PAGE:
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Sunday, 6 November 2011


Coinage of King Stephen (1135-54 AD)



Stephen, grandson of William the Conqueror and nephew of Henry I, was
crowned king in 1135. Stephen reigned as king for nineteen years
until his death in 1154. In the early years of his reign as king,
Stephen introduced new coinage throughout England and opened new mints
to produce the coins. While considered a kind and decent man, Stephen
was not generally thought of as an effective ruler. The years Stephen
spent as king were years filled with turbulence and criminal activity.
As a result, the production and quality of coinage declined with the
passage of time.



Stephen's coins were minted at Bedford, Bramber, Bristol, Bury St
Edmunds, Cambridge, Canterbury, Cardiff, Carlisle, Castle Rising,
Chester, Chichester, Cipen (possibly Ipswich), Colchester, Corbridge,
Derby, Dorchester, Dover, Durham, Eden, Exeter, Gloucester, Hastings,
Hedon near Hull, Hereford, Huntingdon, Ipswich, Launceston, Leicester,
Lewes, Lincoln, London, Newcastle, Northampton, Norwich, Nottingham,
Oxford, Pembroke, Peterborough, Pevensey, Rye, Salisbury, Sandwich,
Shaftesbury, Shrewsbury, Southampton, Southwark, Stafford, Steyning,
Sudbury, Swansea, Tamworth, Taunton, Thetford, Tutbury, Wareham,
Warwick, Watchet, Wilton, Winchester, Worcester, and York.

The Stephen penny of Cambridge featured the king's head with a
crescent behind and a sun in front of the head. In the 1140's, the
English government lost control of the coinage due to a country
divided between areas that remained loyal to Stephen and areas in
Wales and western England that were controlled by Stephen's
opposition. Stephen's opponents issued coins produced from dyes that
were deliberately defaced as a rejection of Stephen's authority in his
kingdom. Other coinage issued by opposing parties replaced Stephen's
name with enigmatic language that was possibly a reference to Empress
Matilda, daughter of Henry I and Stephen's cousin.

Coinage from the reign of Stephen included coins showing a cross
directly over the king's portrait. King Stephen was thought by many
to be weak of character and unable to maintain control of his country.
During Stephen's reign, Matilda asserted her claim to the throne as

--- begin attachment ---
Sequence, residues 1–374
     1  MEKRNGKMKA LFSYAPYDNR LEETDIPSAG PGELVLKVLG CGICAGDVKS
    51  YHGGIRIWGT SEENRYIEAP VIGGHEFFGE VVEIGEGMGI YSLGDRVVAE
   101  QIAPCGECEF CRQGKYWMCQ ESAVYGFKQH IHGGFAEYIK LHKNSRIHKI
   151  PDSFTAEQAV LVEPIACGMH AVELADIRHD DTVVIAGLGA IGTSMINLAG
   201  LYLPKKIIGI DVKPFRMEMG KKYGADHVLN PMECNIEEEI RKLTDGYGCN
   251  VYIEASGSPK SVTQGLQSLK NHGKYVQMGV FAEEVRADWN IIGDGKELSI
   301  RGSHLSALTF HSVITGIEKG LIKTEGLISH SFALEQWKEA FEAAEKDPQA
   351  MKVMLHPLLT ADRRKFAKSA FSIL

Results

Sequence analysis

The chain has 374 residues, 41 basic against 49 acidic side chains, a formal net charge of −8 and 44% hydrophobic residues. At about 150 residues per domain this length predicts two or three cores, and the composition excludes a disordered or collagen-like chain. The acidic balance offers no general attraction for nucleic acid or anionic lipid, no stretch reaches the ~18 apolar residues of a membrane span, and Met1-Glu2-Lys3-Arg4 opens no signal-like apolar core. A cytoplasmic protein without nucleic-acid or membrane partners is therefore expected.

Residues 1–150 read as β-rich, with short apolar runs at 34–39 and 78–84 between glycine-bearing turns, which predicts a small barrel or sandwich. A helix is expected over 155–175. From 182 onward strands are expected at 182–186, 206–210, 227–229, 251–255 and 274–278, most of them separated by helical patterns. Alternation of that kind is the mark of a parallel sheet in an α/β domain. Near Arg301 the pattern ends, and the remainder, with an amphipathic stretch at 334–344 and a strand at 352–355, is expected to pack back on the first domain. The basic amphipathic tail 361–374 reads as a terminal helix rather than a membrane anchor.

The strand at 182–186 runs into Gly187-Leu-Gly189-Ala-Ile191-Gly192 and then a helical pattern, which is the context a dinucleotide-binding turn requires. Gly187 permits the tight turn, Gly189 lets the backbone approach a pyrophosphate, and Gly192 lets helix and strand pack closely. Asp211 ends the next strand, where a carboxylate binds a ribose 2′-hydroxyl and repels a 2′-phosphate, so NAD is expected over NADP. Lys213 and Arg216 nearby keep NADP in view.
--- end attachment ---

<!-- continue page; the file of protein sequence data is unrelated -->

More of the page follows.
the daughter of Henry I. Recognized briefly as Lady of the English,
coins were issued in Matilda's name after Stephen was captured during
the battle of Lincoln in 1141. In addition, many coins were issued
for Matilda's supporters as a means of paying for the civil war that
followed after Stephen's release from captivity. Coins have recently
been discovered from that time period that have added to the list of
coinage issuers during times of civil war.

The Matilda penny of Oxford copied the Stephen penny of Cambridge
exactly with the exception of Stephen's name being replaced with
Matilda's. Matilda had numerous supporters in Wales and Cardiff. The
Matilda penny of Cardiff was struck in Norman in the town of Breteuil.

Matilda's coins were minted at Bristol, Cardiff, Gloucester, Oxford, and Wareham, and possibly also at Calne and Canterbury.

During the reign of King Stephen, a coin was produced giving
Matilda's son Henry of Anjou the title of future king. Robert, earl
of Gloucester, was a supporter of Matilda and the illegitimate son of
Henry I. Earl Robert had considerable power in Bristol and Wilshire,
and issued coinage showing a lion resembling his seal.

Another supporter of Matilda and Henry of Anjou was Patrick, earl of
Salisbury. Earl Patrick struck 4 coins, three of which are now part
of the Conte collection. Eustace FitzJohn, accused of plotting with
Matilda, deserted and joined the Scots. Eustace fought against
Stephen in the Battle of the Standard. In 1138 Eustace struck a coin
showing an image of himself holding a sword. During this same time,
the Scots occupied the northern part of England. The Scots minted the
avid I of Scotland which was directly copied from the coinage of
Stephen.

In 1153, after the death of Stephen's son Eustace of Boulogne, the
civil war ended and Matilda's son Henry of Anjou was officially
recognized as the heir to the throne. Stephen was allowed to remain
king until his death in 1154. Stephen's last type was issued during
the first four years of Henry II's reign as king. This coin was
struck in Gloucester and still displayed the name of King Stephen


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